By Kayla Whittle
Imagine a city surrounded by an ocean and separated into several layers, ranging from poverty to the Jewel, the heart of the city where the rich and royalty live. Violet, the novel’s protagnoist. was raised in the lowest section of the city and is forced to become a surrogate to the royalty who can no longer have their own children. She has incredible powers, magic that only the surrogates have. But she lives in fear, knowing that at any moment her life could be ended either by the family who purchased her or by rival families who are feuding in the Jewel.
In Amy Ewing’s debut novel, “The Jewel,” she takes several elements from popular dystopian novels, like an oppressive society and an imprisoned heroine. But she doesn’t do much to make them innovative in her story. While some parts of the novel are interesting, most of the events fall flat. The novel also lacks character development in the lackluster framework. Violet basically has her freedom taken from her as soon as it’s discovered that she has the powers that decide she will be a surrogate for the royalty of the city.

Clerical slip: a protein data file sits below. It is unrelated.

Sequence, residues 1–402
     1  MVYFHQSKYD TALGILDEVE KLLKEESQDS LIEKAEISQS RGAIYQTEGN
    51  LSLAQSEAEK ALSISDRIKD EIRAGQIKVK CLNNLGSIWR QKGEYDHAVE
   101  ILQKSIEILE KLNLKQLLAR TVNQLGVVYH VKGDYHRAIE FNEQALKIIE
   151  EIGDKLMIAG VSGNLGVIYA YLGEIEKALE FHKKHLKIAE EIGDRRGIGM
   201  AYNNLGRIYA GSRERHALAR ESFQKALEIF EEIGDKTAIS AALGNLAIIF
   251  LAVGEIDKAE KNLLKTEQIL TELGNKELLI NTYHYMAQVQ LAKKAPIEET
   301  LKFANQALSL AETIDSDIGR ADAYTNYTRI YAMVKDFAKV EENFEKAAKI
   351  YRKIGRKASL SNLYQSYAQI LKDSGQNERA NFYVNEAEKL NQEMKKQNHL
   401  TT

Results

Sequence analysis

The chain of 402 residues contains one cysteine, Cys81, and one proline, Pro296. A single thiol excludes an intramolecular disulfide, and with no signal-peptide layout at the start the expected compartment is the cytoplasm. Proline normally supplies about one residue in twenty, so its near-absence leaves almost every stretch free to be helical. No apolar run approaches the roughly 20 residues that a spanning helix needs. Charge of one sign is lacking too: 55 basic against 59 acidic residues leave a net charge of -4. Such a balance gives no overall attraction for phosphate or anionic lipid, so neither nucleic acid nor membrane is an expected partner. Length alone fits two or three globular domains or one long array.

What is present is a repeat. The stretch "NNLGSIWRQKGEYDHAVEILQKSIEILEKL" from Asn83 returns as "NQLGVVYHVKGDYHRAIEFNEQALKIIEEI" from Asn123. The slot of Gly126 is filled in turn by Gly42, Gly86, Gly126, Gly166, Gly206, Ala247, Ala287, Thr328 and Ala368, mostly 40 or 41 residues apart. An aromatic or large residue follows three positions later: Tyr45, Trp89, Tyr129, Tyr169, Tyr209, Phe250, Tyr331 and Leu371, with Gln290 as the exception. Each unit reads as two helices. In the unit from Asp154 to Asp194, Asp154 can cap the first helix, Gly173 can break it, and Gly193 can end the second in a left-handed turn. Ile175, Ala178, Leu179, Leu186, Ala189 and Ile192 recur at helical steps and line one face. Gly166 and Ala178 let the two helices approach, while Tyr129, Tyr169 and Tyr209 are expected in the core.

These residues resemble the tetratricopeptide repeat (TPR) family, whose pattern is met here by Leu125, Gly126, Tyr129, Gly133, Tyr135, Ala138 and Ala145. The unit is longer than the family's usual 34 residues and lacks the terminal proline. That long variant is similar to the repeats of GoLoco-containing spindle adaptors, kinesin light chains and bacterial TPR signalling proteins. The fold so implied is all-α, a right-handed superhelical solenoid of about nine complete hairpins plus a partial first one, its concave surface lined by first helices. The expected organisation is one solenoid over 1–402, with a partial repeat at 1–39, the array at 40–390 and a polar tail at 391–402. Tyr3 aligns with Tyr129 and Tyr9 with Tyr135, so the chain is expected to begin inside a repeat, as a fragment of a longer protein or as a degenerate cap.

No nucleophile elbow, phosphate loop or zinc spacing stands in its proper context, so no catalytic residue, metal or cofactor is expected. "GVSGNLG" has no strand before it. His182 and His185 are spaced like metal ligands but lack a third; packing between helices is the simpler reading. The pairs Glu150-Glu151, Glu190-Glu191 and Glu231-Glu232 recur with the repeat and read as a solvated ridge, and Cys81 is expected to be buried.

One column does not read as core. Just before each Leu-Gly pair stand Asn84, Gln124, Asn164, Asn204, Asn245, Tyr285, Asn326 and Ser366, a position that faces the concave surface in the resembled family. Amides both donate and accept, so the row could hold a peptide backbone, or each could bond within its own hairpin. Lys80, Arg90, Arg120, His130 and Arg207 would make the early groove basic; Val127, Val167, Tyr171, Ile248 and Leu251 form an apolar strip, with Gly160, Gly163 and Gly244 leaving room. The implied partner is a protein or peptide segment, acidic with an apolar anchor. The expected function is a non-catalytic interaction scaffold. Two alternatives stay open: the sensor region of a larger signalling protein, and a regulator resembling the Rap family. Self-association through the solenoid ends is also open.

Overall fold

Yet instead of trying to free herself or help her friends who have also been sold, Violet spends most of her days wandering aimlessly through her new mansion home. She attends parties and wears fancy dresses, all while feeling endlessly sorry for herself.
The most problematic part of the novel was the attempt at a love interest. This plot point doesn’t appear until a little over halfway through the book and is rushed through so quickly, it’s nearly laughable. Violet meets a boy in the palace, toward whom she obviously feels an immediate attraction. Yet after they illicitly meet with each other only a few times, they are already declaring their love and Violet is willing to risk everything, including a chance at freedom, just to remain a few days longer with this boy.
If you’re a fan of young adult novels, particularly the dystopian genre, you probably should pass over this book. Ewing’s novel is just another that buys into the popularity of the dystopian genre. It doesn’t bring anything new to the field and with overused ideas and a love interest that’s anything but romantic, “The Jewel” ends up more frustrating than captivating.